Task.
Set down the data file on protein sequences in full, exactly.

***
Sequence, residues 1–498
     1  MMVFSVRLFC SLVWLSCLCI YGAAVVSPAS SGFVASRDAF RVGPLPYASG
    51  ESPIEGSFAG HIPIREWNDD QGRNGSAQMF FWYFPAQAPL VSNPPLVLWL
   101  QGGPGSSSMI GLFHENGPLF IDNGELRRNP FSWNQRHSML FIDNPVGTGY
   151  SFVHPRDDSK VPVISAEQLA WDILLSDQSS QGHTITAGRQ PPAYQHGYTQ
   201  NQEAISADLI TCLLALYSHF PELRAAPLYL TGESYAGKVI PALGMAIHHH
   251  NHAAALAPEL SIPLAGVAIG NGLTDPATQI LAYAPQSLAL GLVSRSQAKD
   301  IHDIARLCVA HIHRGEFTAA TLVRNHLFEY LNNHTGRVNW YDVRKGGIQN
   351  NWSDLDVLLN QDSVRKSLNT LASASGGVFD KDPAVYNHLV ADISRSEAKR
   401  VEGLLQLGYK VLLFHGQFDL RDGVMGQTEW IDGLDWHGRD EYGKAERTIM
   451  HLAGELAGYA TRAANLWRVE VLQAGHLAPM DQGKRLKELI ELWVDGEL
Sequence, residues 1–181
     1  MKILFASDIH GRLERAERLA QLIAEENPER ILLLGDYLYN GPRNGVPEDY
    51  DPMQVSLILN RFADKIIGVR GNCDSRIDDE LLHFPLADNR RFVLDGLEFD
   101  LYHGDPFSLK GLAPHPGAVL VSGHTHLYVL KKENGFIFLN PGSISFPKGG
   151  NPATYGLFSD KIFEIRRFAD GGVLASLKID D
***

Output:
Sequence, residues 1–498
     1  MMVFSVRLFC SLVWLSCLCI YGAAVVSPAS SGFVASRDAF RVGPLPYASG
    51  ESPIEGSFAG HIPIREWNDD QGRNGSAQMF FWYFPAQAPL VSNPPLVLWL
   101  QGGPGSSSMI GLFHENGPLF IDNGELRRNP FSWNQRHSML FIDNPVGTGY
   151  SFVHPRDDSK VPVISAEQLA WDILLSDQSS QGHTITAGRQ PPAYQHGYTQ
   201  NQEAISADLI TCLLALYSHF PELRAAPLYL TGESYAGKVI PALGMAIHHH
   251  NHAAALAPEL SIPLAGVAIG NGLTDPATQI LAYAPQSLAL GLVSRSQAKD
   301  IHDIARLCVA HIHRGEFTAA TLVRNHLFEY LNNHTGRVNW YDVRKGGIQN
   351  NWSDLDVLLN QDSVRKSLNT LASASGGVFD KDPAVYNHLV ADISRSEAKR
   401  VEGLLQLGYK VLLFHGQFDL RDGVMGQTEW IDGLDWHGRD EYGKAERTIM
   451  HLAGELAGYA TRAANLWRVE VLQAGHLAPM DQGKRLKELI ELWVDGEL
Sequence, residues 1–181
     1  MKILFASDIH GRLERAERLA QLIAEENPER ILLLGDYLYN GPRNGVPEDY
    51  DPMQVSLILN RFADKIIGVR GNCDSRIDDE LLHFPLADNR RFVLDGLEFD
   101  LYHGDPFSLK GLAPHPGAVL VSGHTHLYVL KKENGFIFLN PGSISFPKGG
   151  NPATYGLFSD KIFEIRRFAD GGVLASLKID D